by Robert Rollin
Peter Richard Conte’s Sunday afternoon Stambaugh Auditorium organ concert was a delight. The large, recently renovated Skinner organ, putatively a gem of its type, was certainly put through its paces. The program, full of interesting highlights, included music from the seventeenth, eighteenth, nineteenth, and twentieth-century organ literature.
Conte, who presides at the mammoth organs at Macy’s in Philadelphia (formerly Wanamaker’s) and Longwood Gardens in Kennett Square, PA as well as serving as music director at St. Clement’s Episcopal Church in Philadelphia, performed two interesting transcriptions of his own during the first half. The Mondscheinmusik from Richard Strauss’ opera Capriccio, opus 85 provided evocative post-Wagnerian harmony and tone color. Originally an orchestral interlude, the transcription provided the opportunity to feature string and French horn organ timbres. The music, enriched with many non-chord tones, presented lovely translucent accompaniment to beautiful melodic material.
Otto Nicolai’s lusty comic opera overture to The Merry Wives of Windsor provided source material for Conte’s second transcription. Here the irrepressible Falstaff pursues two married women who ultimately throw him into the river. The tuneful music was delightful as it picked up speed to a splashy rousing conclusion. Unfortunately some of the fully registered passages were so thick as to sometimes obscure the main melody’s sound.
The seventeenth century music was an interesting mix. Charles Marie Widor, whose career as organist and composer straddled the nineteenth and twentieth centuries, transcribed several J. S. Bach movements in an organ work entitled Bach Memento from which Conte chose two. The Pastorale had a charming arioso melody. The Mattheus-Final, based on the St. Matthew Passion’s last movement, had some powerfully registered fortissimo passages.
Johann Sebastian Bach himself transcribed a three-movement violin concerto by little known German composer Johann Ernst (1635-1715). The Grave was the most enchanting in its gorgeous graceful melody. The Presto seemed to be dominated by ascending sequences that gave this closing movement great charm. The Baroque style registration seemed to work well on the Skinner organ.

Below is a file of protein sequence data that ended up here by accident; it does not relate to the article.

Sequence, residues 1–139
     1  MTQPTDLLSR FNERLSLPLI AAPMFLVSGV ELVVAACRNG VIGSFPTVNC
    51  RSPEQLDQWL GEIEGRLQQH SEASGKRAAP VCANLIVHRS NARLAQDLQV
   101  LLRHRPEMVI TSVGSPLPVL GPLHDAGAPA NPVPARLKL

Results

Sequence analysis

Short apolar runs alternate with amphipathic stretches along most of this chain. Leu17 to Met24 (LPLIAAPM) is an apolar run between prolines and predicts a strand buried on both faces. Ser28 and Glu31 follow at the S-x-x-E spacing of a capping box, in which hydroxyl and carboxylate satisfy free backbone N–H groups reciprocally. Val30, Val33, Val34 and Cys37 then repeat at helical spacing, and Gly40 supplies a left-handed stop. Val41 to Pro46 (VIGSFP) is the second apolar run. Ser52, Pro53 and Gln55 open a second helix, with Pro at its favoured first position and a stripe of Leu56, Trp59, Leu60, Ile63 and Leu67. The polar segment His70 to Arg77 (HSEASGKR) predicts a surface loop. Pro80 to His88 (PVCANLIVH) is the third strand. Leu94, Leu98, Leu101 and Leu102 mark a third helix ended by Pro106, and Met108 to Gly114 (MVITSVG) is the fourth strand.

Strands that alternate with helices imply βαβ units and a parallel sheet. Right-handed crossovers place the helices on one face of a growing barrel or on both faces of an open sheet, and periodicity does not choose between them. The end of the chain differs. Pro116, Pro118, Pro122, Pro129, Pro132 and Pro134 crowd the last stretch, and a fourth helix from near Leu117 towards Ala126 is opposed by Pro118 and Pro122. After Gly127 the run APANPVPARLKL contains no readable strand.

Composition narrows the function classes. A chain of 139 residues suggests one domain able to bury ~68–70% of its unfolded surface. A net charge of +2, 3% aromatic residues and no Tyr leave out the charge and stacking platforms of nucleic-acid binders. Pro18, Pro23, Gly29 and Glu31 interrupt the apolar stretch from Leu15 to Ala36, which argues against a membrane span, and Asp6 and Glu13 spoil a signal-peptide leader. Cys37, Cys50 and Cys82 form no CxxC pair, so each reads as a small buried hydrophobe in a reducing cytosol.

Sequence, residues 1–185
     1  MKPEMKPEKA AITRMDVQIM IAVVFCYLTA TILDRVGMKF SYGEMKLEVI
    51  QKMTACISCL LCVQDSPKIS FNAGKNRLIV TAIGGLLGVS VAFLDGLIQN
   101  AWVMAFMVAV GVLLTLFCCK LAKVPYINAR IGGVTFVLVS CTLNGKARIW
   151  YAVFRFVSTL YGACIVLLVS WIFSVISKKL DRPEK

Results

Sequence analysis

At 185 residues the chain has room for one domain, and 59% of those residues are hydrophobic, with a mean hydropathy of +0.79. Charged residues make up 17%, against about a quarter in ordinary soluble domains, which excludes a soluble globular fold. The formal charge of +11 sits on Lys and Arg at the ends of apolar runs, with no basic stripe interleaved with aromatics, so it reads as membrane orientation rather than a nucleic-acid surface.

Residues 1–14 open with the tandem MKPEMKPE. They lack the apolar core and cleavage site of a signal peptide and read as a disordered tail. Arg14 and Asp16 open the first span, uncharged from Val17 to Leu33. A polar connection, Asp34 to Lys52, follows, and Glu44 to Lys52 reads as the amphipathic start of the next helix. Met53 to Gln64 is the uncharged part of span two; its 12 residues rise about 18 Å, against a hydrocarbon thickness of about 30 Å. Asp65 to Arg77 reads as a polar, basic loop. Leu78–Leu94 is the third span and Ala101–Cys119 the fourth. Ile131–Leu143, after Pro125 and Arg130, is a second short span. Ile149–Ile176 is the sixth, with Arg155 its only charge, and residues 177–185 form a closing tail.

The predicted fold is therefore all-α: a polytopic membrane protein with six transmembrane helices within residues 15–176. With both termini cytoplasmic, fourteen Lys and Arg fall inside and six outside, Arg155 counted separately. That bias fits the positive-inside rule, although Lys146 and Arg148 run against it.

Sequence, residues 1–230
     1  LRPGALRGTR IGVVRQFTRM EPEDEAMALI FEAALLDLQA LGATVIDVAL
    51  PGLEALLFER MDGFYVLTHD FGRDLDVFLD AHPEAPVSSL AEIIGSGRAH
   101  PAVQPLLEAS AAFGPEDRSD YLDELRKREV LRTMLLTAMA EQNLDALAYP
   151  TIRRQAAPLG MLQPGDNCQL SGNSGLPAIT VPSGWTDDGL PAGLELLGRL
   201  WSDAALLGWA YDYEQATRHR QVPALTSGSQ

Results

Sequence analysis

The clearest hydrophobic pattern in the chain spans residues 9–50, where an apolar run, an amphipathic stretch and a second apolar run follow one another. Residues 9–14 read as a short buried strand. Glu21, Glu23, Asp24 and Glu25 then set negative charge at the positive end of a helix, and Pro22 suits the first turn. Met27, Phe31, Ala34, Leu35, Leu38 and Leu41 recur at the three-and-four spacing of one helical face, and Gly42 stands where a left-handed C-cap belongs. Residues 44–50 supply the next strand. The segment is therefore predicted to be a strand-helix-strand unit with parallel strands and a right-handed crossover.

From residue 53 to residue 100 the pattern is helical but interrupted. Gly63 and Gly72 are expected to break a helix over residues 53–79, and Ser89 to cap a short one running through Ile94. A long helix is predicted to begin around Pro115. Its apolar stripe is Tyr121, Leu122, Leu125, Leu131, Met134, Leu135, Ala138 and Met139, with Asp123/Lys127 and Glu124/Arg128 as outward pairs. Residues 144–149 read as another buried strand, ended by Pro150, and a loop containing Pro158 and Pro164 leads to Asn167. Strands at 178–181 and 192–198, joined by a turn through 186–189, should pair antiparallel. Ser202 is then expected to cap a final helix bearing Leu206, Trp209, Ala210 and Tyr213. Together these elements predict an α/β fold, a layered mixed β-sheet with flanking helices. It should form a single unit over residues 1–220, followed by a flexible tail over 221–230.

The two other nineteenth century pieces were Lichtenstein-born Joseph Rheinberger’s Agitato from Sonata XI, opus 148 and Belgian Alexandre Guilmant’s Marche Religieuse. Both pieces were original works for the organ, and seemed well written for the instrument. Rheinberger trained at the Munich Conservatory. His selection had an interesting succession of freely treated harmonies. Guilmant’s march started in conventional fashion, but soon turned into a stimulating fugato. Conte’s performances were excellent.
Conte also transcribed legendary violinist/composer Fritz Kreisler’s Variations on a Theme of Archangelo Corelli. Kreisler flourished in the early twentieth century, when rules of compositional attribution were freer than today. He actually composed some original works that he attributed to older composers, but later admitted they were his own. Like the Corelli Variations, much of his music has great appeal. This transcription was especially effective. Conte used some lovely soft colors in the quiet variation, and a stunningly amusing 32-foot stop at the end of several phrases.
Twentieth century organist/composer Richard Elmore’s oeuvre provided two works: Night Song, and Fantasy on Nursery Tunes. The former had many refreshingly soft passages that emphasized flutes and reeds. The colors were a relief from some of the overly full registrations in other works. The latter was a diversion quoting Three Blind Mice, London Bridge is Falling Down, and Pop Goes the Weasel. Conte played both works with panache.
The concert closed with a stirring performance of Finnish composer Jean Sibelius’s Finlandia, as transcribed beautifully by Canadian organist/composer Herbert Austin Fricker. Conte deserves special praise for choosing so interesting a program.
Published on ClevelandClassical.com April 30, 2013
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